Most pundits thought he wouldn’t last the year. There were jealous ministers, would-be assassins and plotting palace guards. The government was also in need of funds. Although the elder Duvalier had used anti-communist rhetoric to stay in the United States’s graces, his human-rights violations had many years earlier convinced the Kennedy administration to cut foreign aid to Haiti.
But Jean-Claude surprised the naysayers. He put a friendlier mask on Duvalierism as his family and advisers competed for the power behind the throne. He opened the palace to journalists and started paying the country’s debts. He supported a quickie divorce law — anyone could get a decree in 24 hours — that helped spark a tourism boom. He launched reforestation campaigns and became astute at cleaning up prisons right before international observers visited.
Duvalier also opened up the country to foreign business — an economic liberalization policy he eventually dubbed “Jeanclaudism.” This meant new opportunity for U.S. businesses, which soon took advantage of Haiti’s cheap labor and union-squashing Macoutes.
All of this pleased the U.S. government, and within the first few years of his rule, foreign aid increased by more than 800 percent.
The Haitian people, however, were becoming ever more desperate. Duvalier and his cronies stole most of that aid money and began a style of embezzlement shocking even by Haitian standards. Peasants and unemployed city-dwellers starved as Duvalier and his friends threw lavish parties; bought houses, sports cars and yachts; and spent millions of dollars on shopping sprees.
The extravagance hit a peak in 1980 when Jean-Claude married Michele Bennett, a mulatto divorcee with a scandalous reputation and expensive tastes. Their wedding made the Guinness Book of World Records for its immoderation. It cost $3 million, with gowns and hairdressers imported from Paris, a $100,000 fireworks show, and rum for the masses.
Styling herself as Haiti’s Eva Perón — Argentina’s populism-spouting first lady of the 1940s and early 1950s — Bennett started hospitals and charities, all funded by misdirected aid money, or from the “donations” of terrified business owners.
Some called Baby Doc’s marriage the beginning of his downfall. Not only did Bennett disgust Haitians with her decadent displays of wealth and corruption, but the marriage marked a renewed dominance of the country’s mulatto elite — an offense to many who had supported Papa Doc’s black-power ideology.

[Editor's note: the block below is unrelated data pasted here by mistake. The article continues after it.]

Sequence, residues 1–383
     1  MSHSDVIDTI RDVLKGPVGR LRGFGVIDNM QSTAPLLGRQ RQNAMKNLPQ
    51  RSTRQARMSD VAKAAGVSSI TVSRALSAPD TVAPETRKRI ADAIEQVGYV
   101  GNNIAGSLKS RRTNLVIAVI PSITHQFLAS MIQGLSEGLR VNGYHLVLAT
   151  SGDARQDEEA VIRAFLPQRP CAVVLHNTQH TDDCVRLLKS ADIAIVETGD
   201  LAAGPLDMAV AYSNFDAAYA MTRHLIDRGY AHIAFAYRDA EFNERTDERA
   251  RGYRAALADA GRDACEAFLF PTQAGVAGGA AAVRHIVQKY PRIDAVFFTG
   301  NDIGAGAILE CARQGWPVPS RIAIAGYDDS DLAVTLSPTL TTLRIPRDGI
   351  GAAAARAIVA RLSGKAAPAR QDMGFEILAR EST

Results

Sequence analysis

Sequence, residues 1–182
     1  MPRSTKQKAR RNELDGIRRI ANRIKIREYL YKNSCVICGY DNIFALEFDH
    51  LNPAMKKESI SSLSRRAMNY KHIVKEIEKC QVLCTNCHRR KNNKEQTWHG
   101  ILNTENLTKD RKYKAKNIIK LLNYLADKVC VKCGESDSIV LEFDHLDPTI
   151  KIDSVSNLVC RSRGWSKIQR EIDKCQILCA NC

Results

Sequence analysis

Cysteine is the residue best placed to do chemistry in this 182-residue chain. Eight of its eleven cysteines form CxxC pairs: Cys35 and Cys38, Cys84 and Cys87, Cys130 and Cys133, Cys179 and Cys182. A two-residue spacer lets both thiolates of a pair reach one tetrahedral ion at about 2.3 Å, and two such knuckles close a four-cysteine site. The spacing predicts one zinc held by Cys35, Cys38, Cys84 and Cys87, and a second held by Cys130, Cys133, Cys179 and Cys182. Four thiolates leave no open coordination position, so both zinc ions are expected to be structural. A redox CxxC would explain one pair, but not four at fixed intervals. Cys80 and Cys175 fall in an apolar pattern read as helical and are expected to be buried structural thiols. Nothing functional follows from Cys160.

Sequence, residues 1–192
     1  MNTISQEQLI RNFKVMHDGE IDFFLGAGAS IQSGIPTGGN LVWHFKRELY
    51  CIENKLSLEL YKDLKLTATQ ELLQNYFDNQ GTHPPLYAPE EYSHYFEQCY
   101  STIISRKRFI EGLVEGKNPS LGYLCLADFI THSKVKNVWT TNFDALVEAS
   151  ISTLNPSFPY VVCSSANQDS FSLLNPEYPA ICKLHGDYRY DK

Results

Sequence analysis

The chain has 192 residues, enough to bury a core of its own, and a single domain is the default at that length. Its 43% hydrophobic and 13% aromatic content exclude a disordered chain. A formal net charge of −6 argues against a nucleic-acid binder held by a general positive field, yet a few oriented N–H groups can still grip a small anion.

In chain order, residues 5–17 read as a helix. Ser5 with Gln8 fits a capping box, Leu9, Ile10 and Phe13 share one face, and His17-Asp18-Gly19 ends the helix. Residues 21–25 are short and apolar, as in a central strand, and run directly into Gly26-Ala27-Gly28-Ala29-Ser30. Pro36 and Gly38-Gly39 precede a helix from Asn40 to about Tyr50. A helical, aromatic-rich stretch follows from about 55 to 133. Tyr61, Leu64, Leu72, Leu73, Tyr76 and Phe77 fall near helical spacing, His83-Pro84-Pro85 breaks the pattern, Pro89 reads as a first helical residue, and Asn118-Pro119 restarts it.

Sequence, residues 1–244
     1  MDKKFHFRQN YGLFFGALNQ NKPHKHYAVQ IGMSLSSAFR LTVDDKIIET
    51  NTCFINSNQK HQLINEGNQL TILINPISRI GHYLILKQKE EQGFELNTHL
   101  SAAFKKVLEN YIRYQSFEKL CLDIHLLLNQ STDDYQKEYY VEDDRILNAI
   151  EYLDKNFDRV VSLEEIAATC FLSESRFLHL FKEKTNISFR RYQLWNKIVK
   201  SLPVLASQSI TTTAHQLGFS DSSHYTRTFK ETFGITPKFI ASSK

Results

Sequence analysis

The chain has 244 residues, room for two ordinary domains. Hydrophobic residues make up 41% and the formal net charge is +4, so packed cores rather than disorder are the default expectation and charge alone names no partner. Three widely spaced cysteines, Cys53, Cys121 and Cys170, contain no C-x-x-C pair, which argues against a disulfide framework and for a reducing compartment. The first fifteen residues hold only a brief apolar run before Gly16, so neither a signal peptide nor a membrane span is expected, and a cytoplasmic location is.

Meanwhile, the emergence of AIDS killed Haiti’s tourism industry. Business faltered because of widespread corruption. Human-rights violations were rampant. Members of Bennett’s family were linked with cocaine trafficking.
With corpses of desperate Haitians washing up on Florida’s beaches, and human-rights groups pointing out continued torture, the United States scaled back again on foreign aid. Canada labeled Duvalier’s government a “kleptocracy.” And when Pope John Paul II visited the country in 1983, he chastised the government, announcing to hundreds of thousands of Haitians, “Things must change here!”
Two years later, Haitians began to revolt. Protests against the government started in the northern city of Gonaives and spread across the country, with violent demonstrations and raids of food-distribution warehouses. In February 1986, with the Reagan administration pressuring Baby Doc to leave office, and Haitian army officials telling him that he had no choice, Duvalier and his family decided to flee.
They frantically packed what they could, stuffing jewels and artwork into designer luggage, and shortly after 2 a.m. on Feb. 7, 1986, drove to Francois Duvalier International Airport, where a U.S. Air Force C-141 was waiting to take them to France.
“People viewed him as their vehicle for power and wealth, so therefore they supported him,” said Robert Maguire, a Haiti specialist at the U.S. Institute of Peace. “In the end of his regime, things got very shaky because there was so much stealing, so much accumulation of wealth, and because the life of the Haitian people had gone downhill so far that there was unrest.
“He lost the support of his father’s grass-roots supporters because they resented him giving power to the mulattos,” Maguire said. “He ended up governing in a very shaky way, and then his regime collapsed quite suddenly.”
Although the French government officially refused to accept them, the Duvaliers settled into exile on the French Riviera. According to Time magazine, Baby Doc passed the time by driving his red Ferrari back and forth to Cannes, while Michele did crosswords and ordered designer clothes. Meanwhile, back in Haiti, citizens took deadly revenge on members of the Tontons Macoutes, and the cycle of violence, coups and repression began anew.
Michele and Jean-Claude divorced in 1993, with much of their money still frozen in Swiss bank accounts. Survivors include two children.
In January 2011, Jean-Claude Duvalier surprised Haitians by returning to his earthquake-damaged country with his companion, Veronique Roy. The frail-looking Baby Doc said that he was not there for politics, but because he wanted to “help.” Banking experts, however, suspected that he had arrived to circumvent new Swiss regulations preventing exiled leaders from obtaining money stolen from their countries.
He was promptly arrested and charged with embezzlement and other crimes, but remained living in a high-end hotel in the mountains of Port-au-Prince.